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Call boxes, cell phone boosters added on post
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Emergency call boxes and improved cell phone access will make the Fort Stewart military reservation safer for everyone using the area.
Additional emergency call boxes have been placed along both Highway 144 and Highway 119 inside Fort Stewart.
The call boxes are placed at intervals of two to two and a half miles — a relatively short walk in either direction for a motorist who needs to summon help.
When a call box phone receiver is lifted, the phone will automatically dial the Fort Stewart 911 Center so that emergency services can be dispatched to the location needed.
In addition to the call boxes, the Fort Stewart Communication Sustainability Working Group is reviewing the commercial vendor use of the current cell phone towers on Fort Stewart and the possibility of adding additional towers along the post highways.  
According to Mike Flatt, chief of DOIM communications branch, “the flight path of military helicopters and the safety of pilots and crew members must be taken into consideration when placing additional towers. Communications is vital but personnel maneuver safety is our first concern.”
Issues dealing with emergency communication needs on Fort Stewart were discussed during a recent Army Family Action Plan meeting.
The installation of the additional call boxes was completed Nov. 1, and the new signage was complete Nov. 15.
People driving vehicles without Department of Defense decals are reminded of changing rules for post access. Temporary permits are now required for non-decaled vehicles.
A photo ID, such as a driver’s license, is the minimum needed for access to Fort Stewart, according to officials.
Access for vehicles with DoD decals has not changed.
Confusion had arisen from an earlier Fort Stewart statement that a private vehicle without a DoD decal should use the specially marked lanes for non-decaled vehicles.  Everyone in the vehicle — to include DoD identification card holders —was to present valid photo identification to access control personnel while remaining in the vehicle.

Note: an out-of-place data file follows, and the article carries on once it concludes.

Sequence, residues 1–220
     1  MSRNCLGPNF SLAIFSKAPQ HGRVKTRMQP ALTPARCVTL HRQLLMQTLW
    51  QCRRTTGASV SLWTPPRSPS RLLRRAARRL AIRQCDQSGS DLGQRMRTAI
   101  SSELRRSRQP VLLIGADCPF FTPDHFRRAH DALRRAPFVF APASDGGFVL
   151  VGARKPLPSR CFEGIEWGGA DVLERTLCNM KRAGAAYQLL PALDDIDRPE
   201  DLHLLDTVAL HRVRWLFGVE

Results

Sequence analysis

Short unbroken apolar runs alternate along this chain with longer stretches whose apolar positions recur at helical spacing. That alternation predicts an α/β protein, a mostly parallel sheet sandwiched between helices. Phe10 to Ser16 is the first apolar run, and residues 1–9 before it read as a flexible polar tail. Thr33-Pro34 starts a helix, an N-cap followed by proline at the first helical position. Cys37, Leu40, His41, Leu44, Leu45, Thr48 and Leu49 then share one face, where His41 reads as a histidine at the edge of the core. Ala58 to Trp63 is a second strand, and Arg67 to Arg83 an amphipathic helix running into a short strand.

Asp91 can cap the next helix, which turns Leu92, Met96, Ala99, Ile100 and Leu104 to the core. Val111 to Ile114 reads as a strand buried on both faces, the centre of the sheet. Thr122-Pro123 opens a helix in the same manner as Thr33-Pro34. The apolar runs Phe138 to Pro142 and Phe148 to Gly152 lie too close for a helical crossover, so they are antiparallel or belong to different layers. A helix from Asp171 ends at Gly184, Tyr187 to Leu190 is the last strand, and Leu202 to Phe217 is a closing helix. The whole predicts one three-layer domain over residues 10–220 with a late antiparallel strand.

Some drivers encountered problems when they presented their drivers license but were asked for proof of insurance and vehicle registration — items not mentioned in the Fort Stewart statements.
Military officials point to another portion of the original release which reads, “individuals accessing the installation must give access control personnel their destination, the purpose of their visit, and any other information determined to be necessary.”
As a force protection measure, they decline to specify what other information might be required; nor will they rule out any other information that will not be required.
In Georgia, drivers are required to have proof of insurance and registration by state law. The Army will not say if these documents are part of its “other information”
 Temporary passes are issued at the following gates:
 • Fort Stewart: Gate 1 (General Stewart Way and General Screven Way), 24 hours a day, seven days a week.
 • Fort Stewart: Gate 3 (Harmon Avenue and Old Sunbury Road), 24 hours a day, seven days a week.
 • Fort Stewart: Gate 5 (GA Highway 119 and 144), 24 hours a day, seven days a week.
Access control personnel will advise drivers on how to get a temporary pass valid for more than one day if needed.
 The procedural change does not affect current commercial vehicle access procedures at Fort Stewart.  Commercial vehicles are still required to use Gate 7 at Fort Stewart.
Direct questions to the Directorate of Emergency Services at
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